Originally published in May 2010, Issue 1 of Spindle Magazine
Imagine a world where you constantly have to re-evaluate your surroundings because your eyes cannot be trusted. You’re in it. If you’re looking for proof, it’s time tp become acqainted with the artwork of James Hopkins. His scultpures will shake up your complacent acceptance of the world and have you questioning your very eyesight.
Hopkins uses sculpture to expose flaws in our visual perception. Having established the limits of human vision he can play with our expectations and tease our brains into accepting an image that isn’t there. In the time it takes your brain to catch up with his wizardry the visual world before you has morphed back to ‘reality’. In that moment of unsettling exhilaration, you realise that the picture of the world you have been relying on, is in fact a construction of your mind, pieced together by some information; some memory; and some creative engineering.
James says: “Playing the role of the trickster is great. It is very similar to playing the magician’s slight of hand. Experiencing an illusion in a gallery or a magic show often leaves the viewer with similar epistemological questions.”
Hopkins did his sculpture degree in Brighton back in 1998. Since then he has completed an MA in Fine Art at Goldsmiths and has exhibited across the globe, from Paris to Moscow, Hamburg to New York, promoting disbelief along the way.
“I want to explore the role of judgment in connection to the process of vision and investigate different ways of looking that embrace perceptual effects. The work is not just about an illusion or effect but more importantly a way into discovering that sight (our most relied upon sense when looking at art) can be untrustworthy.”
James is part of a long tradition of trompe l’oeil in art, literally translated as ‘trick the eye’. Beginning with paintings that were so ‘real’ people were forgiven for reaching forth to pluck the fruit from the canvas. This pursuit prevailed in the 17th Century Dutch vanitas paintings that inspired James’ work. The paintings depicted the finery of the day – vases, books and fruit, musical and scientific instruments – arranged alongside skulls, to remind people of the temporary and frivolous nature of such niceties.
“I read this genre of still life painting as being a celebration of life and wanted to convey that in my own work, but in a more contemporary manner. When we die we lose all our indulgences and possessions, so the skull works are saying enjoy life, celebrate it while it lasts,” said James.
His own skull works have seen lutes substituted for guitars, with skulls’ teeth mapped out in beer bottles, clearly relics from his own life, as he tells me most of his days begin with a hangover now that he has quite smoking and substituted cigarettes for alcohol. His favourite memory from his career so far tells a similar tale:
“When I had my debut solo show in New York at Rivington Arms Gallery. I was introduced to the painter Brice Marden the night before my opening as he had previously purchased a piece of my work. He told me how he had just given up smoking dope and that he was thinking of going through a ritualistic process of flushing his gear down the toilet. I jokingly suggested he should give it to some one who would really appreciate it, like me. The next evening he came to my private view and handed me over this big envelope…”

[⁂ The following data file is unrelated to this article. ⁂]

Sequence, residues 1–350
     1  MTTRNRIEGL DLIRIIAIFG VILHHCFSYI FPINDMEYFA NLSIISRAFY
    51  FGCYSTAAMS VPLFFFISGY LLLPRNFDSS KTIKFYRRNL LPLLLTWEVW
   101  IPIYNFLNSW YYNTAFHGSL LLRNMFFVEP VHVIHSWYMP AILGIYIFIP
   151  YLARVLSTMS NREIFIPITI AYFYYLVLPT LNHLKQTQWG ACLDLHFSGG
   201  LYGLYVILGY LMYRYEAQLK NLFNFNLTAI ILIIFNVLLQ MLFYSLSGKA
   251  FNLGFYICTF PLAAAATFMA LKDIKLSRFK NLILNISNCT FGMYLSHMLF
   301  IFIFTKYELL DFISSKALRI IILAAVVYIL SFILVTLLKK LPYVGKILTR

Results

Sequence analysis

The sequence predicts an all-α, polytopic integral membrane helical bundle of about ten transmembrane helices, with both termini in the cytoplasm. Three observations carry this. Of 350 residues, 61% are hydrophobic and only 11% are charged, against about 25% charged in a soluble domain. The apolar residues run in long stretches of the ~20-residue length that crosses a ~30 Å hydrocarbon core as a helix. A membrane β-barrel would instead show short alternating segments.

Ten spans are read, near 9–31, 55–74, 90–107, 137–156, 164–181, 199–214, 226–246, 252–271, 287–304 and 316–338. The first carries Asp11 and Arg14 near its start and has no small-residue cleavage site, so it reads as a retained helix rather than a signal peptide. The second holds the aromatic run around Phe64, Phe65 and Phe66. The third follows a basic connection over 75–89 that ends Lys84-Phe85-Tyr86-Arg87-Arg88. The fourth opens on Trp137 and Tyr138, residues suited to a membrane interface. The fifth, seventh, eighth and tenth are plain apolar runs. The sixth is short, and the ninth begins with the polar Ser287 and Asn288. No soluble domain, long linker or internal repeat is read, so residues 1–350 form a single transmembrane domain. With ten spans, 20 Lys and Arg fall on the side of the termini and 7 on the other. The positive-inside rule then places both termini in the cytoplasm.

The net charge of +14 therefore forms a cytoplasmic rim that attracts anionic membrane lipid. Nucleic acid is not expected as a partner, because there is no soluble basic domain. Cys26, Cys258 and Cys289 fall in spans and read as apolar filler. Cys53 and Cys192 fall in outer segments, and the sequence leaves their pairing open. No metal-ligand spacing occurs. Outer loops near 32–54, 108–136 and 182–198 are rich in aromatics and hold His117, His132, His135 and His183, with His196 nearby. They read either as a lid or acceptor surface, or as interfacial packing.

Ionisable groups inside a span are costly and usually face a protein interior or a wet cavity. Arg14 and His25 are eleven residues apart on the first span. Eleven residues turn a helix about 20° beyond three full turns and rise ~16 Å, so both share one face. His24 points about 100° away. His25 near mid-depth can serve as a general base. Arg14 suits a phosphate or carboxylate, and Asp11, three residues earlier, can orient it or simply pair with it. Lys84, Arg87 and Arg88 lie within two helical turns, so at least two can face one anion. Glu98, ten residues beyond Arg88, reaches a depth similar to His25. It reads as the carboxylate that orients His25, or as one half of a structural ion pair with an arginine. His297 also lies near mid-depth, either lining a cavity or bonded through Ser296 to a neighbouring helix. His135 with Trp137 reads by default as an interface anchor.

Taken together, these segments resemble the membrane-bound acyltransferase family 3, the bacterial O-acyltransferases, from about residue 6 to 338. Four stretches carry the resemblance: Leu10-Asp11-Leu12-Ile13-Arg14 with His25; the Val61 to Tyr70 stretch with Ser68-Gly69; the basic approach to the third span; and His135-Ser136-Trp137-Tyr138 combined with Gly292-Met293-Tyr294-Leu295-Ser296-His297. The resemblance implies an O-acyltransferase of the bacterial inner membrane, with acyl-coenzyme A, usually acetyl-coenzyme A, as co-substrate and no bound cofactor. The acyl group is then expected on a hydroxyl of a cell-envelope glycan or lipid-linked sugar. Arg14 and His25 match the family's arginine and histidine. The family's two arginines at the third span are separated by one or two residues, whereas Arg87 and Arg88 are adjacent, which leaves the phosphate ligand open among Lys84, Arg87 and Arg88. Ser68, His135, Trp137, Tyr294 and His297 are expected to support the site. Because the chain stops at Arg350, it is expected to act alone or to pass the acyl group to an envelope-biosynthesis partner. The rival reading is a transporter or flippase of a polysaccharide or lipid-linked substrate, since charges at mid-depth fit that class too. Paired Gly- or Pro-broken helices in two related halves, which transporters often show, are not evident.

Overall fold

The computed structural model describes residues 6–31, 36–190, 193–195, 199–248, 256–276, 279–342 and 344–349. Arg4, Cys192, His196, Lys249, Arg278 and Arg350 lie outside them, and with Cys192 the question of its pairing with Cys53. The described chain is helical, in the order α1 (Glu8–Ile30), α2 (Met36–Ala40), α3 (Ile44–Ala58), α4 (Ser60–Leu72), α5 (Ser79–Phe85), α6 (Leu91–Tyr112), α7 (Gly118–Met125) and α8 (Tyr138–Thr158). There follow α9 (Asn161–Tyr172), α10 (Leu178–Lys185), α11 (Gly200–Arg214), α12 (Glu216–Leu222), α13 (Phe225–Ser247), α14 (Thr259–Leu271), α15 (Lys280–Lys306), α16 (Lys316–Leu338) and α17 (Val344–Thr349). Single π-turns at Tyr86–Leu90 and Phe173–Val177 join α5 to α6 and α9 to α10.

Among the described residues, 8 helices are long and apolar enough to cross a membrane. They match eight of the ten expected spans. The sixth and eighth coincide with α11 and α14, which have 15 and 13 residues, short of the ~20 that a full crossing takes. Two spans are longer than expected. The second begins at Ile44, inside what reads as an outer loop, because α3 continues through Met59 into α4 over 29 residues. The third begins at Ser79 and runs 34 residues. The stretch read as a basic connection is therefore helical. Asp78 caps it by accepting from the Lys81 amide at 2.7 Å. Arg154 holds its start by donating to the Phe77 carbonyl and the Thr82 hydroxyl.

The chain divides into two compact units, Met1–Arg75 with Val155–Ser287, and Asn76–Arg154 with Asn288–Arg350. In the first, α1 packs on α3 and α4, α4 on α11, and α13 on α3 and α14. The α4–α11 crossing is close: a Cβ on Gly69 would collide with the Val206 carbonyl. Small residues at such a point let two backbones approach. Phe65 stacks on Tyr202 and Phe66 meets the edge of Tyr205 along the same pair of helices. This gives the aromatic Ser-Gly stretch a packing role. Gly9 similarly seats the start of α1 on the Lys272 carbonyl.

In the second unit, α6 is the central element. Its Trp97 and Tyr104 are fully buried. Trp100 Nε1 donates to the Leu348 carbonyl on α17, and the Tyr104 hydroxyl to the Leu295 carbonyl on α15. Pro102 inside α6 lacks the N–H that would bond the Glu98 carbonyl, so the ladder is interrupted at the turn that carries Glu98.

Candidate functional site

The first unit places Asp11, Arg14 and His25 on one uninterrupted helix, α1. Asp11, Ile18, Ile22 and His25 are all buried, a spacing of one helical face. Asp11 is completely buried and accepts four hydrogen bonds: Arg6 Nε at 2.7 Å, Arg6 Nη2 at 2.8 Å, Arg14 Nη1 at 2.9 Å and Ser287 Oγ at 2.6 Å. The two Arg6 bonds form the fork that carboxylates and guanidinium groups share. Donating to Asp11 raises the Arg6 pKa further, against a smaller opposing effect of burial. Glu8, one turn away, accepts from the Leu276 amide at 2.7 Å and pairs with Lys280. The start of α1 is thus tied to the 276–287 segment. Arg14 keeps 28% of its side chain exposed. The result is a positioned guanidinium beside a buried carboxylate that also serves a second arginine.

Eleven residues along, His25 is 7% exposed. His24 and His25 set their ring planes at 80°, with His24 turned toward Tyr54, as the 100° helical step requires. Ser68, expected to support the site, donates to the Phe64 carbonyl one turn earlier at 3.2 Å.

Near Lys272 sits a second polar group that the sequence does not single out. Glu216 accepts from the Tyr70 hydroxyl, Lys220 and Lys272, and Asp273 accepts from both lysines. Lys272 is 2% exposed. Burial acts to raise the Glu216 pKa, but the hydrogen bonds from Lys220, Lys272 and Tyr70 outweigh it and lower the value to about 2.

James’ references from contemporary life range from The Simpsons to Jimi Hendrix, as he manipulates images and objects, not only to question visual perception but to draw out meaning that comments on their function or purpose:
“Purple Haze is a perspective sculpture of an electric guitar. It has been rendered in a specific manner in order to relate with expressing a visual interpretation of sound, whilst also referencing an optimum glamour saturation associated with fame and the spectacle of performance.”
Like the vibration of a guitar string, James’ work wavers between opposite states, evoking a series of simultaneously present contradictions. His art both protrudes and recedes and at times is as flat as it is three-dimensional. Acting as a commentary to his own practice, his series of balancing artworks reflect the fine line he treads between definite outcomes, leaving the viewer clutching onto their memories of stability. James admits: “There is something psychologically unnerving about being presented with a balanced object. Although they appear fixed or visually static they also seem to create statements of how we imagine tripping up or falling over.”
James talked about the first of Sol LeWitt’s Sentences on Conceptual Art, when discussing his role as a trickster: “Conceptual artists are mystics rather than rationalists. They leap to conclusions that logic cannot reach.” In a world where things seem to gravitate towards a definite answer, we could all do with facing a few of James’ philosophical questions. While it’s not practical to question the presence of the pavement with each step forward, it’s exciting to realise that there is more to explore in this world than the construction we think we can see.
To see more of James Hopkins’ work and for news on his up coming shows visit: